Last week: 2
5. Wisconsin (17-10, 9-5). While the Badgers had to grind out a tough win against Illinois on Sunday night, they still found a way to rally from 13 points down. Their style allows them to play with anyone in the country, and their ability to get to the foul line will give them the edge in close games. Greg Gard has done a terrific job with this team and I hope he gets to coach Ethan Happ for the next three years. That kid is incredibly developed as a freshman in the Big Ten.
Last week: 6
6. Purdue (21-7, 9-6). The Boilermakers' biggest strength exposes their biggest weakness: Guard play. Opponents have been able to scheme against their dominant size by collapsing on the bigs in the post and scrambling out to limited perimeter players. Additionally, fast-pace and perimeter-oriented offenses (for opponents) is kryptonite to Purdue?s size.
Last week: 5
7. Michigan (19-9, 9-6). The Wolverines are dangerous, but they?ve got a tough stretch to close out conference play. Balance, spacing and good ball movement allow them to beat anyone in the country, however toughness has always been the issue. Getting Duncan Robinson going early is key to their success, as his perimeter shooting opens up the floor for Michigan?s playmakers and finishers.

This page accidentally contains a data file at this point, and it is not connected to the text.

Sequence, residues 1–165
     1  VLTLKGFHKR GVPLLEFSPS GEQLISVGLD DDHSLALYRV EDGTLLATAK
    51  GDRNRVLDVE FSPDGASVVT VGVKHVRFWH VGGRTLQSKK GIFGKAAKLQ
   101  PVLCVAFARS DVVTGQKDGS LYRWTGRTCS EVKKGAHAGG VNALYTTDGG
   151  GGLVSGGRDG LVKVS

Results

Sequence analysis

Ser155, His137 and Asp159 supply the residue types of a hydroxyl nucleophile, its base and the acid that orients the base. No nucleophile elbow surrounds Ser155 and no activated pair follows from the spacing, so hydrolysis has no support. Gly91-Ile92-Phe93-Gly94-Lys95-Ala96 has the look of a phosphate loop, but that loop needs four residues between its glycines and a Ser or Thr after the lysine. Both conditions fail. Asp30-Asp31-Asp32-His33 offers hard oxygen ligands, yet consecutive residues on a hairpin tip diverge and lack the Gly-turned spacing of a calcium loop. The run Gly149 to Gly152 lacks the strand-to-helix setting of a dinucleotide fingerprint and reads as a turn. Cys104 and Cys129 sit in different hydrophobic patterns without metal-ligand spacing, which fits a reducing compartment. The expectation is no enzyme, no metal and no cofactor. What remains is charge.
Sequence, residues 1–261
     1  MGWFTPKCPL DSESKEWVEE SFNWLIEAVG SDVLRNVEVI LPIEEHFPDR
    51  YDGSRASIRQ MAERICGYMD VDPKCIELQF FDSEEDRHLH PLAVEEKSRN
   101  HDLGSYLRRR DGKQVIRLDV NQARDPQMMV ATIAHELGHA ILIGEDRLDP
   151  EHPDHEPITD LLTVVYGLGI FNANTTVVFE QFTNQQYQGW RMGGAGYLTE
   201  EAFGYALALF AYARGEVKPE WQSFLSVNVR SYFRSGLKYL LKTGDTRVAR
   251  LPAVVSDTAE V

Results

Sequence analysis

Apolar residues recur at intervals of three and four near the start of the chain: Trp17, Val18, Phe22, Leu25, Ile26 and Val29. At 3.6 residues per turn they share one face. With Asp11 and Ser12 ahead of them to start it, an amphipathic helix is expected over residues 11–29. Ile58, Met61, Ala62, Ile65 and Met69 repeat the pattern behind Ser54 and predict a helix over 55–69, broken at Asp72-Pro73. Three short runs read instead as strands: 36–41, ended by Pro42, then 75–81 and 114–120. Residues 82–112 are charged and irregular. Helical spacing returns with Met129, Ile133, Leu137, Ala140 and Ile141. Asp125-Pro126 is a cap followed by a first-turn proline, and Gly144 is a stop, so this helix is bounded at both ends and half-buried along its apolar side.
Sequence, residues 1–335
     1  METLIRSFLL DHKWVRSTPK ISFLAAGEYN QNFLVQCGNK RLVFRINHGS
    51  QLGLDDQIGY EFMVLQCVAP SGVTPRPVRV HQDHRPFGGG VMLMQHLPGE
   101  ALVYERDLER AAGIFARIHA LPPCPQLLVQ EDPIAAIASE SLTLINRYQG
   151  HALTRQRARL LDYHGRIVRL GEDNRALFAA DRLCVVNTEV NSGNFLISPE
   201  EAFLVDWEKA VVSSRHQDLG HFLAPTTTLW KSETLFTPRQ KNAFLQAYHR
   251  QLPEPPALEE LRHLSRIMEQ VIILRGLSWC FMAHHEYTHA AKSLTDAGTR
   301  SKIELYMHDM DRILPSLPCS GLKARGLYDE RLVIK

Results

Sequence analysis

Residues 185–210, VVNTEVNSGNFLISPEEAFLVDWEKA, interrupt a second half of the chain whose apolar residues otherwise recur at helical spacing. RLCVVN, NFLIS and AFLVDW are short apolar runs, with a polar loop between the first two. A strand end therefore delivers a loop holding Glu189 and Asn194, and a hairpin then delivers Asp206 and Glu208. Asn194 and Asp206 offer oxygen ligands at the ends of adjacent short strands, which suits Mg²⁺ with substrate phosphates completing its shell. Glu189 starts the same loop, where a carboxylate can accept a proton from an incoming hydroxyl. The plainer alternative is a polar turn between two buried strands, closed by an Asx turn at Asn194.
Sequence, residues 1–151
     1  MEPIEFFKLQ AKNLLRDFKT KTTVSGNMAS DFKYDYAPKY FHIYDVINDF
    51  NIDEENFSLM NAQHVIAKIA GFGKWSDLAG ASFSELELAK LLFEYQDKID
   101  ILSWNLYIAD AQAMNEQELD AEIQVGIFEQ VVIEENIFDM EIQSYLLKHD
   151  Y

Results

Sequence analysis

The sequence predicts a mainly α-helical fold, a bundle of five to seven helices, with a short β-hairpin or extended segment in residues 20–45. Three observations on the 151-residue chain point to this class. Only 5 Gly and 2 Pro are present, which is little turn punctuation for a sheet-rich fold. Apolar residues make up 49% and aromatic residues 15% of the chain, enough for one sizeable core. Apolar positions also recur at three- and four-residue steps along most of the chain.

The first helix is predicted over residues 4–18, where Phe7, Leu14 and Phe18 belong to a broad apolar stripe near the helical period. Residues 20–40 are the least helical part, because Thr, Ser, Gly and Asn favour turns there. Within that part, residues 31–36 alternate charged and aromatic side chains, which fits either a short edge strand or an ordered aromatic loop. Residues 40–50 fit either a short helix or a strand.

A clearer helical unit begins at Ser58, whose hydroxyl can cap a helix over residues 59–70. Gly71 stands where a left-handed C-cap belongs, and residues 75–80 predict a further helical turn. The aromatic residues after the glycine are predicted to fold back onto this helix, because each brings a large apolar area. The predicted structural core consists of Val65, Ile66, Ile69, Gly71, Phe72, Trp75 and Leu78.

Last week: 7
8. Ohio State (18-10, 10-5). The Buckeyes have to play Michigan State twice and Iowa to close out the season. Considering the fact that they are not projected to be in the NCAA tournament at the moment, these games are opportunities to get good wins and play themselves into the field in March. The skill and talent is there, but the key for this young team is a a consistent effort for 40 minutes.
Last week: 8
9. Nebraska (14-14, 6-9). We?ve talked about Shavon Shields and Andrew White III all season, and they have lived up to the hype. The addition of Glynn Watson Jr. and Tai Webster as consistent contributors and threats makes this a very tough team to face. Of all the single-bye teams in the Big Ten tournament, the Huskers are the last team I?d want to face on Thursday.
Last week: 9